God Is In The TV "Start Again" Review
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Buddy Holly has a lot to answer for. Being the first rock n roller not to resemble Elvis he opened t...Buddy Holly has a lot to answer for. Being the first rock n roller not to resemble Elvis he opened the door for the not so macho man to step into the public eye. A wiry frame and hilariously uncool appearance have given his image an enduring power that noticeable to this day. Perhaps the lazy comparison would be Rivers Cuomo of Weezer- geeky glasses, nerdy lyrics, nasal vocals, what more do you need as testimony? Whilst Rivers may be amongst the higher profile stars indebted to Mr. Holly, The Singles owe more than their bespectacled aesthetics to old Bud.
‘Start Again’ is an emotional rock record, not in the dark hair and lip piercing sense-more the soundtrack of a school nerd who finally gets to dance with the girl of his dreams before realising the jocks put her up to it kind of way. Musically the Buddy Holly and Weezer references may well be all you need. However, whilst opener ‘I Want You Back Now’ may sound like Cuomo’s boys the record is draped in the naïve pop sentiments that one may associate with late 1950s rock music.
‘The Most Beautiful Girl’ is perhaps the best embodiment of this here, a clean guitar placed delicately over a bass part so reminiscent of 1950s teen movies you could swear they’ve swiped it, and they probably have. In another nod to the fifties you may well notice the strong presence of the two minute pop song on this record; this is strictly a good thing. When The Singles do break this format the result is a noticeably weakened effort (see ‘I Want You Back Now’). All this nostalgia is definitely unhealthy, yet you can’t help loving this record, it is undoubtedly guilty of rehashing the past but it does it in such a way that makes it hard to dislike. The real question is, do you call it fifties revivalism or just twee?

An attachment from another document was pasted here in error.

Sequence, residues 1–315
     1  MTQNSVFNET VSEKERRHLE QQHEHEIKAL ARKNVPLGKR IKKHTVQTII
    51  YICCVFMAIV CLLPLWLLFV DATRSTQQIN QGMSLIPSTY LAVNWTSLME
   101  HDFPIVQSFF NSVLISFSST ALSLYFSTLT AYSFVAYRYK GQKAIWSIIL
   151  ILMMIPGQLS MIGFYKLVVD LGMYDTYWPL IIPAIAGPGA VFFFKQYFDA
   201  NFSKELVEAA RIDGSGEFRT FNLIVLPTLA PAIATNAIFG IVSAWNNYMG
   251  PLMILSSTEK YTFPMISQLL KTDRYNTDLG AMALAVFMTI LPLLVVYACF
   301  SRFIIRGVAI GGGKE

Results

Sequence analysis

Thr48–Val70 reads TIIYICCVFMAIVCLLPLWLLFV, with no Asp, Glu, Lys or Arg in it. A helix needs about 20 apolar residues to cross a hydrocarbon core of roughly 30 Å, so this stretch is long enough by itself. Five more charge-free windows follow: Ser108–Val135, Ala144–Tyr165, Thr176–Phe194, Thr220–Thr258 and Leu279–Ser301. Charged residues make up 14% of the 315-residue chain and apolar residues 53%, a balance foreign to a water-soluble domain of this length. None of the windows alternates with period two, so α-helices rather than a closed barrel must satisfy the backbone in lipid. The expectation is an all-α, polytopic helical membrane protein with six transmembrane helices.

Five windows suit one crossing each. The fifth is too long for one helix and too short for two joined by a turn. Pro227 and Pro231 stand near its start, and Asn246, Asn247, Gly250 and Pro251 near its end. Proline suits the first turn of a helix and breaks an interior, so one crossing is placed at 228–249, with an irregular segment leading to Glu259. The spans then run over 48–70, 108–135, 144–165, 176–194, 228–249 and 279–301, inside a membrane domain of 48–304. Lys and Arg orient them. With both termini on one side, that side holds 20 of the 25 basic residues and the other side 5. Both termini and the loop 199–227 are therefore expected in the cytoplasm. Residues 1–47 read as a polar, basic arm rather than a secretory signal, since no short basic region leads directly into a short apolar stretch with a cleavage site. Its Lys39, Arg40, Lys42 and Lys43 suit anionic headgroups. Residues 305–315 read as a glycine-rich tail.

Album highlight ‘Summer’ holds the answer-it’s twee, in all it’s bespectacled glory. Combining Byrds-esque harmonies with a new pop energy, thoughts of special girls and special boys will soon fill your head and bam; you’re in love and quite rightly too. Title track ‘Start Again’ is perhaps more of a nod to the music of the beat groups than rock n roll but it pulls and spins until you feel sick and you don’t want it to end
These slabs of poppy goodness may be brief but there is certainly gentleness to them perhaps sounding like the Buzzcocks should given their age-they have a subtlety beyond their years and are capable of warming even the coldest of hearts. The only real problem I have with this album is the fact I could never have the face to right songs so honest or fragile myself. There is little of life affirming substance here, but that’s probably not why you’d pick it up in the first place, if you want the sound of a summer day anytime of year this is what you need-innocence without childishness, influence without a contrived effort. As close to perfect as this stuff gets.
Our sets range from 35 to 60 minutes of original material. (Songs lengths range from 2 to 4 minutes long) Although we can play all night if you want. We include covers in our set on occasion. They are usually classic Rock 'n' Roll, Soul or Country songs.
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There are no upcoming dates at this time.